Nashville Skyline Picture

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Nashville Skyline Picture

A jewel of the New American South, Nashville, Tennessee is city steeped in history and culture derived from a variety of cultural directions. As a state capital, Nashville is located central to many of the states residents and boasts a history that dates back the end of the American Revolutionary War. Nestled on the banks of the Cumberland River, the area was ripe for expansion and trade long before it was officially incorporated and eventually becoming the state capital. One look at the Nashville skyline will reveal a modern city dripping in Southern charm.

Considered the music capital of the world, Nashville is home to recording studios, writers, musicians, producers and other artists. Like the Hollywood of the South, Nashville is home to music celebrities and many, many more people who are struggling to achieve fame in the music business. Even though country music is the dominant musical genre in Nashville but like Memphis, artists from other musical styles have found Nashville a creative environment to work in.

The Nashville skyline is home to over a dozen true skyscrapers with several that date back almost one hundred years. Several new high rise buildings are either under construction or in the planning stages. Historic buildings like the Stahlman and the First National Bank Building were built in the early 1900s and still stand today as a testimony to the early progress of Nashville as a center of trade and modern architecture.

The AT&T Building

The undisputed king of the Nashville skyline is the ultra modern AT&T Building. Rising over 630 feet above Commerce in downtown Nashville, this unique structure features twin spears on either side of the building earning it several nicknames including the Batman Building. Even though the building only has 32 floors, the building's floor plan is extremely spacious, providing 1 million square feet of space. Completed in 1994 the AT&T Building also holds the distinction of being the tallest building in the state of Tennessee.

The Tennessee Tower

The third tallest building in the city of Nashville, the Tennessee Tower is more commonly referred to as the William Snodgrass Tennessee Tower. William Snodgrass was a revered public in Tennessee and the building that bears his name was renamed to honor his years of public service. The Tennessee Tower stands 450 feet tall and is now owned by the State of Tennessee and has provided office space to several state agencies since being purchased by the state in 1994.

Prior to state ownership, the building was the headquarters of the National Life and Accident Insurance Company. The glass and stone exterior of the Tennessee Tower is unique since the stone used for the exterior consists of travertine, a stone very similar to limestone. Located on Rosa L. Parks Boulevard, the building was completed in 1970 as one of several buildings constructed during the 1970s.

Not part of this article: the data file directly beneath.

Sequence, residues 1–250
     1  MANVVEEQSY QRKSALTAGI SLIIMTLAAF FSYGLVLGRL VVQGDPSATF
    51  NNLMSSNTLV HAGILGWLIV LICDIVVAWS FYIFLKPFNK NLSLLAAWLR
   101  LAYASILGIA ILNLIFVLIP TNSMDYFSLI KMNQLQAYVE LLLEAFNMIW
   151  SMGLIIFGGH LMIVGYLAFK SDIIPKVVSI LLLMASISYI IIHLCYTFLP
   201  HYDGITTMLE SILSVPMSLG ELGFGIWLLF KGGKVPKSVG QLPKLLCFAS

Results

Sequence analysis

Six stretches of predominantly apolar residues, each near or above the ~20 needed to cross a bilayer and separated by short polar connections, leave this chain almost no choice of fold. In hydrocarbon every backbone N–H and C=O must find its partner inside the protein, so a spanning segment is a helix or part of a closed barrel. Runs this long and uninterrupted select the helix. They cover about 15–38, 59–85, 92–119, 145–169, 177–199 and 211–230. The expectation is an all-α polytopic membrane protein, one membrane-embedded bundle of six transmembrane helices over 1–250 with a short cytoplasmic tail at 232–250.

The Life and Casualty Tower

Located on Church Street in downtown Nashville, the Life and Casualty tower was completed in 1957. A true modern skyscraper the Tower is over 400 feet tall and was, at one time, the tallest building in the American South. The exterior of the striking building consists of glass, granite, and native limestone. Sections of the building's exterior are clad in aluminum.

The Fifth Third Center

A good example of postmodern architectural design, the Fifth Third Center is the second tallest building in Nashville. Completed in 1986, the center stands 490 feet above Arcade Alley.

Nashville Music Scene

Referred to many folks as Music City USA, Nashville is home to the fast growing country music industry. For many years, the historic Ryman Auditorium was home to the Grand Ole Opry, a country and western music variety show. The Opry, as it is fondly referred to, was started in 1925 as a radio show, and was broadcast throughout the South and was a staple of Saturday evening entertainment for thousands of music fans. Aired weekly on WSM radio, the Opry was originally called the WSM Barn Dance and featured popular old time country and bluegrass music. Grand Ole Opry, as reference to the Grand Opera, was adopted in 1927.

In the early days, the show was performed in studio. A live audience format was adopted in 1943 when the show was moved the venerable Ryman Auditorium. The show highlighted the careers of such music legends as Elvis Presley, Patsy Cline, Hank Williams, Roy Acuff and Johnny Cash. A long and fabled list of other performers got their start appearing on the Opry show including the Queen of Country Music, Loretta Lynn, Willie Nelson, Hank Snow and Ray Price. The Opry continues today in a different venue and is still considered by many in the country music community as a stepping to fame and fortune.